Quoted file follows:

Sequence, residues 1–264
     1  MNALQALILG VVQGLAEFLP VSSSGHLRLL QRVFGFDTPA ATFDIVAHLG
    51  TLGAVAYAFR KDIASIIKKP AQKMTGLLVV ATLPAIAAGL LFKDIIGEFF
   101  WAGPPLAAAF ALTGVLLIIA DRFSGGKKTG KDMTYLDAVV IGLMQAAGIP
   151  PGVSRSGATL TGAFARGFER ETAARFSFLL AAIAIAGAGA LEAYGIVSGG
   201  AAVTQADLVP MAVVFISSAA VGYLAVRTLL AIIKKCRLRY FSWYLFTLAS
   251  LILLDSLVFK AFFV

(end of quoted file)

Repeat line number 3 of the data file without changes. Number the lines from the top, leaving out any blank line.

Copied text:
    51  TLGAVAYAFR KDIASIIKKP AQKMTGLLVV ATLPAIAAGL LFKDIIGEFF